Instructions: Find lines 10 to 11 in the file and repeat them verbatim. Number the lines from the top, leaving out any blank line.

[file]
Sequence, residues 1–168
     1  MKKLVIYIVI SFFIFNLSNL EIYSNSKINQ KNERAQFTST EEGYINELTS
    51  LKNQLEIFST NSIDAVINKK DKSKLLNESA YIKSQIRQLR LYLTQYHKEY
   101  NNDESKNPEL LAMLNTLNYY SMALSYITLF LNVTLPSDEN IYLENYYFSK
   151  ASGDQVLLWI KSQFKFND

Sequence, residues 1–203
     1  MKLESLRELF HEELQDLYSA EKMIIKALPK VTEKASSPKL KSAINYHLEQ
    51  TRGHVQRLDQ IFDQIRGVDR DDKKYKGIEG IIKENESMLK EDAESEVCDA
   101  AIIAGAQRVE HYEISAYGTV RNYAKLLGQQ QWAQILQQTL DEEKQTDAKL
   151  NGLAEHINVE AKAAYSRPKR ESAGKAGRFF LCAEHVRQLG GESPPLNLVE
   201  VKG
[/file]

   151  NGLAEHINVE AKAAYSRPKR ESAGKAGRFF LCAEHVRQLG GESPPLNLVE
   201  VKG